Steps For Recovery Immediately After An Earthquake

Steps For Recovery Immediately After An Earthquake

Steps For Recovery Immediately After An Earthquake

An earthquake can wreak havoc on your home, lawn, neighborhood, and town. Learn what to do immediately after an earthquake as you strive to keep your family safe and begin the recovery process.

Seek Help if You’re Trapped

You might be unable to leave your home or vehicle after an earthquake. In this case, send an SOS text, bang on a wall or blow a whistle or your car horn to attract attention to yourself.

Treat Injuries

Check yourself for injuries before you help others. Then, you can begin to administer first aid to treat small wounds quickly and prevent infections. Try not to move anyone who’s seriously injured, though, unless they’re in immediate danger.

Expect Aftershocks

Smaller aftershocks could occur minutes, days or even months after an earthquake. Remember to drop, cover and hold during any aftershocks. And consider staying out of any buildings with structural damage since they could collapse.

Wear Protective Gear

Before inspecting your property, dress in a long-sleeved shirt, long pants, work boots, and gloves. This protective gear could protect you from injuries from broken glass and other debris.

Grab Your Earthquake Emergency Kit

In your emergency kit, you can access resources that could help you care for yourself and your loved ones. The ideal kit includes a shovel, rope, ax, and multitool. And it hopefully contains a three-day supply of food and water, first aid items, prescription medications, copies of your personal documents, flashlights with extra batteries, power packs, and cash.

Stay Connected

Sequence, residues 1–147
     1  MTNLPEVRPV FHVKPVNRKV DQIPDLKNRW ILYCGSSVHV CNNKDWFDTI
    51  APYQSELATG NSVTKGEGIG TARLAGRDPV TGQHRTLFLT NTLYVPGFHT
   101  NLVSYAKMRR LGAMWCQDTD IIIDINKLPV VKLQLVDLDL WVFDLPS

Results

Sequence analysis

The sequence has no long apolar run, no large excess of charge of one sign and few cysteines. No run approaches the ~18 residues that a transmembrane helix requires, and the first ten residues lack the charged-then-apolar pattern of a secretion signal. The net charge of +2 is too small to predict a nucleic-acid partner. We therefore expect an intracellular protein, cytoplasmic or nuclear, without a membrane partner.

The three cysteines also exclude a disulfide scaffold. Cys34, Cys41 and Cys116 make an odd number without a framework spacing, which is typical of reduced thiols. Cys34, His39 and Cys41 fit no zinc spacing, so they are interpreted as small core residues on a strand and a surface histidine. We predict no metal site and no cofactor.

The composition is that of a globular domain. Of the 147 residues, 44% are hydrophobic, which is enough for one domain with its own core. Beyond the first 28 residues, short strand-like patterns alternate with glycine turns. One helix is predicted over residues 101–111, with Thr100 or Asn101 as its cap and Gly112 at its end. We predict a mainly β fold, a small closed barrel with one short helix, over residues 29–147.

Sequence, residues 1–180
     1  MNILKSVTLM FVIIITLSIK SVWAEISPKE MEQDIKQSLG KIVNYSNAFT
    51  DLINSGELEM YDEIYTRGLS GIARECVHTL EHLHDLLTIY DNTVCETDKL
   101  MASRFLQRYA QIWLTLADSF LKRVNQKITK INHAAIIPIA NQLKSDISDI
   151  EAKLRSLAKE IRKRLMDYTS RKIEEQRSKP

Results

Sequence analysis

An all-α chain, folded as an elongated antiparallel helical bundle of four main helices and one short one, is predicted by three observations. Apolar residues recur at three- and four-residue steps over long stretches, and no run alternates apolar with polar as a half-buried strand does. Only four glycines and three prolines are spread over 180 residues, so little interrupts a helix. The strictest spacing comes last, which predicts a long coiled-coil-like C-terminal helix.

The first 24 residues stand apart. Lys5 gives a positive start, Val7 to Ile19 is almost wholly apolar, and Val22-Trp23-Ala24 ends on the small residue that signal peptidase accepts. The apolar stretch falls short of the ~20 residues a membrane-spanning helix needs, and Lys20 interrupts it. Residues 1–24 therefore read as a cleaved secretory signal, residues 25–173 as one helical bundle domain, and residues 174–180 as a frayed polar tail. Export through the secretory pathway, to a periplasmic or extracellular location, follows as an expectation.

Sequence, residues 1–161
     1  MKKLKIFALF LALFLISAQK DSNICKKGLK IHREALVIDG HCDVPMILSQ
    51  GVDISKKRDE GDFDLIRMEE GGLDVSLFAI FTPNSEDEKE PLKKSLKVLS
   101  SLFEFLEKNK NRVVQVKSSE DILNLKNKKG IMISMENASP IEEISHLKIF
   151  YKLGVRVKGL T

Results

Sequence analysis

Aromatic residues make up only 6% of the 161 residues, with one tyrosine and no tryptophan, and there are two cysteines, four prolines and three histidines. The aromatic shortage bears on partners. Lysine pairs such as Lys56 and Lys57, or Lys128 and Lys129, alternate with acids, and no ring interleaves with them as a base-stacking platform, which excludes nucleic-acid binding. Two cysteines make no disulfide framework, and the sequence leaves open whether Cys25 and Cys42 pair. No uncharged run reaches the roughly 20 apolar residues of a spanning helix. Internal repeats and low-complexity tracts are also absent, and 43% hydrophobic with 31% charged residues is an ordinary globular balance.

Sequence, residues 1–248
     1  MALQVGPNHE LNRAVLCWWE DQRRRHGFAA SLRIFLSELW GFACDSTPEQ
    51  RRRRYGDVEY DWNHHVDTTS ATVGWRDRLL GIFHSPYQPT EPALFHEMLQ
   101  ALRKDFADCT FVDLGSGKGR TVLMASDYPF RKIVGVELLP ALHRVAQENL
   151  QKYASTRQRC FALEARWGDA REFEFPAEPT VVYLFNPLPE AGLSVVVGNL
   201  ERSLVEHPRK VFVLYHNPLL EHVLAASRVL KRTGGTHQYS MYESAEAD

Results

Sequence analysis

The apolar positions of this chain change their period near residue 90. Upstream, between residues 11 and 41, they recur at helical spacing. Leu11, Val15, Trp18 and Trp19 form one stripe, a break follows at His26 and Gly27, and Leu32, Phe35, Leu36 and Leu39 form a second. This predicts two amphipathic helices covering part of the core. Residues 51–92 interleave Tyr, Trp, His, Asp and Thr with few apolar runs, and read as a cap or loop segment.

Widespread power outages could affect your ability to call or text emergency personnel, family members or friends. You can receive updates from authorities via a portable, battery-operated radio or television. Likewise, contact your local American Red Cross chapter if you need assistance finding loved ones.

Avoid Hazards

Earthquakes can create multiple dangers you may want to avoid. For example, downed power lines or damaged electrical wiring could electrocute you. And broken gas pipes could lead to gas leaks, explosions, fires, or carbon monoxide poisoning. Likewise, damaged chimneys could fall on you while damaged sewage lines can cause your toilets to overflow.

Inspect Your Home

To protect yourself and your family, only enter your home when authorities tell you it’s safe to go inside. And don’t enter if you hear strange noises or suspect your house is structurally unsound or otherwise unsafe.

Once you’re allowed inside, look for structural damage like cracks in the foundation, floors, walls, or windows. Check the gas, water and electrical lines for damage, too. If you suspect a gas leak, avoid turning on any appliances or light switches, and don’t use matches or lighters. Also, open cabinets and closet doors carefully in case the items inside have shifted. Consider carrying a fire extinguisher to put out any small fires.

Eat and Drink Thoughtfully

Check your food sources to prevent illness. Ideally, eat unspoiled food and drink potable water from intact containers. For emergency cooking, use a grill or camp stove outdoors to prevent carbon monoxide poisoning.

Document Damage

Your insurance company may want to see proof of earthquake damage. Take pictures or videos before you start cleaning up and as you encounter damage.

Recovery after an earthquake takes time. But these tips will help you protect yourself, your family and your property in the immediate aftermath.